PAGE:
An anonymous user proposed an edit to an answer. I doubt the information in the edit, but I can't say for sure that it is wrong. It states that 1) the relaxing agent in pizza yeast is called "L-cysteine", 2) using yeast with L-cysteine leads to bad-tasting crust, and 3) the author doesn't use it because "it is synthesized from human hair and duck feathers and imported from China".
The last statement makes me doubt the credibility of the author - first, I don't think any foodgrade chemical is synthesized from human hair, even if it is technically possible. Second, it smacks of panic-mongering (what is wrong to eat something derived from duck feathers?). And the reduced credibility makes me doubt the other two statements.
If this had been a stand-alone answer, I would have left a comment asking for sources for these rather strange claims, and maybe downvoted because of the confrontational phrasing. If I had knowledge on the subject matter, I would have improved the edit before accepting it. But as it is, I can only imagine accepting or rejecting it. Accepting would result in potentially wrong and badly worded information appearing as a part of the original author's answer. Rejecting results in the loss of potentially true and helpful information on the topic. Also, making this information part of somebody else's answer forces the community to judge (up- and downvote) all as a unit, instead of giving it a way to up- or downvote the new information only.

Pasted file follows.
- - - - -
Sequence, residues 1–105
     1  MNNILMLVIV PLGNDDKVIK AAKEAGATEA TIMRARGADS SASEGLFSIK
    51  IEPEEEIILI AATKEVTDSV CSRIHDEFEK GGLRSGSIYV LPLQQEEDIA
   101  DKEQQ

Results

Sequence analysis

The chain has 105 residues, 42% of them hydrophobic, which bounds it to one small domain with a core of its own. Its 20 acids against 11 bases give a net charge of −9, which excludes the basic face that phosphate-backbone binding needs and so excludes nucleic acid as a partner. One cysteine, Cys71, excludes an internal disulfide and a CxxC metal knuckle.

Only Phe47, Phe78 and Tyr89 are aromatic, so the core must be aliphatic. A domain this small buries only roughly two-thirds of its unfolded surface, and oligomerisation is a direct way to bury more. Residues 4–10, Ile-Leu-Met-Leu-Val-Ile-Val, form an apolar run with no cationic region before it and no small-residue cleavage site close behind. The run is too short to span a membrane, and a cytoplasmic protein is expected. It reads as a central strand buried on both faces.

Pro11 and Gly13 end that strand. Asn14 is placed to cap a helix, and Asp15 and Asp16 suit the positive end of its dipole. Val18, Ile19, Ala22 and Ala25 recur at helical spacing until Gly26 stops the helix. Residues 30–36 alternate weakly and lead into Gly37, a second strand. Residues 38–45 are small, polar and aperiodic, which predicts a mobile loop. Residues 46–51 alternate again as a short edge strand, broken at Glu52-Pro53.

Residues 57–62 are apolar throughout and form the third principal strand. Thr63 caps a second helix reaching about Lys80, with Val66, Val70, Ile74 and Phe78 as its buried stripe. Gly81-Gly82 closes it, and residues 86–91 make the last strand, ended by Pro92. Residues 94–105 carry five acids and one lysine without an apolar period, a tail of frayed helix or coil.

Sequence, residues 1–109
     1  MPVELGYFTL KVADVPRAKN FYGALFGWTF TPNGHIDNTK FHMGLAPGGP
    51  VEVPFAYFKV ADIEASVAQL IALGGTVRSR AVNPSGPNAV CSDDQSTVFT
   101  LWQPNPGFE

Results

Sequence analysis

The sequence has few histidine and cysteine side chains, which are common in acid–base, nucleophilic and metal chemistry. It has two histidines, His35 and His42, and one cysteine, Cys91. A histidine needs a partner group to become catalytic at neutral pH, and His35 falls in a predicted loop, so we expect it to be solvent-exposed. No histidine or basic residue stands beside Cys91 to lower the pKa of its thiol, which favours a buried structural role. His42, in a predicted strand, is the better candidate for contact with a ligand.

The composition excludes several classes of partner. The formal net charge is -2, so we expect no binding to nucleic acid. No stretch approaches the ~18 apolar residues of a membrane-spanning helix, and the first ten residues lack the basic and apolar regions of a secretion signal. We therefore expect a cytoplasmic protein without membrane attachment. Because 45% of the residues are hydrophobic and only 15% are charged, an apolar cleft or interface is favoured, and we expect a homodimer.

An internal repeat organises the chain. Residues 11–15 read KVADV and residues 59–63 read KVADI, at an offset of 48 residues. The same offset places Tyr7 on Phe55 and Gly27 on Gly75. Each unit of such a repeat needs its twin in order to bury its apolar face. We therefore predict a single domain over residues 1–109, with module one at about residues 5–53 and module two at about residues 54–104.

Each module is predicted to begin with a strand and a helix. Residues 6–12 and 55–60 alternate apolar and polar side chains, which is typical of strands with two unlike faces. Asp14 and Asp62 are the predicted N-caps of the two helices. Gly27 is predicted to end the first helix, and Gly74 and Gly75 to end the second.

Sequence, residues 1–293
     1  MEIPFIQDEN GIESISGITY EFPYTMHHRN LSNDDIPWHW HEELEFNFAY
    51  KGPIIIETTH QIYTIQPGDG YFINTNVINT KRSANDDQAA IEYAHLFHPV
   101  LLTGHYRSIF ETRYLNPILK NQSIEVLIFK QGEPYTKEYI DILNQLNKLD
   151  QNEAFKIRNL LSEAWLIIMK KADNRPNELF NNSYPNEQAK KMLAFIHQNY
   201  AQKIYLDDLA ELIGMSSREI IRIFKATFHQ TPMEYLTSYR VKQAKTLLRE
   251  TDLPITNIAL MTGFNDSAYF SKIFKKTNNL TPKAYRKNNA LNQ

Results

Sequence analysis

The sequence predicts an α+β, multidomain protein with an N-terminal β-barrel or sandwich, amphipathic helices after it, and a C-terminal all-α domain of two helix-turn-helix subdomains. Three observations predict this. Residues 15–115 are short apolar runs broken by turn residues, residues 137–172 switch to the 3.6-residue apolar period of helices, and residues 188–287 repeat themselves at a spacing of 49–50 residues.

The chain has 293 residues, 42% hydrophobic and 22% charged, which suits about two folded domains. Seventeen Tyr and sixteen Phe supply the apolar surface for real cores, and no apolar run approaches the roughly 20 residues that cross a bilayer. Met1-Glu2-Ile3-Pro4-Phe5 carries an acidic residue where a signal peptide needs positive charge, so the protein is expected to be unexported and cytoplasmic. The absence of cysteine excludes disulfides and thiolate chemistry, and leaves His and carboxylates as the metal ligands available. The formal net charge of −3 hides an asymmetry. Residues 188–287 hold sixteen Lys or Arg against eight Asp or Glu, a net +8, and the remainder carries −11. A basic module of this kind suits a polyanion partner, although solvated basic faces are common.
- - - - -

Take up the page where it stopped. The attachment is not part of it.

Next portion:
What is the correct way to resolve this situation? Rejecting the edit and posting it as a new answer, adding the disclaimer that it was originally written by somebody else? It is especially unpleasant that it was an anonymous edit, so I can't attribute it to its author. Or maybe leaving it there in the hope that a mod will have the time to research the subject enough to find out the truth content of the edit and preserve the true parts? I don't think we have active 10k users who are not moderators.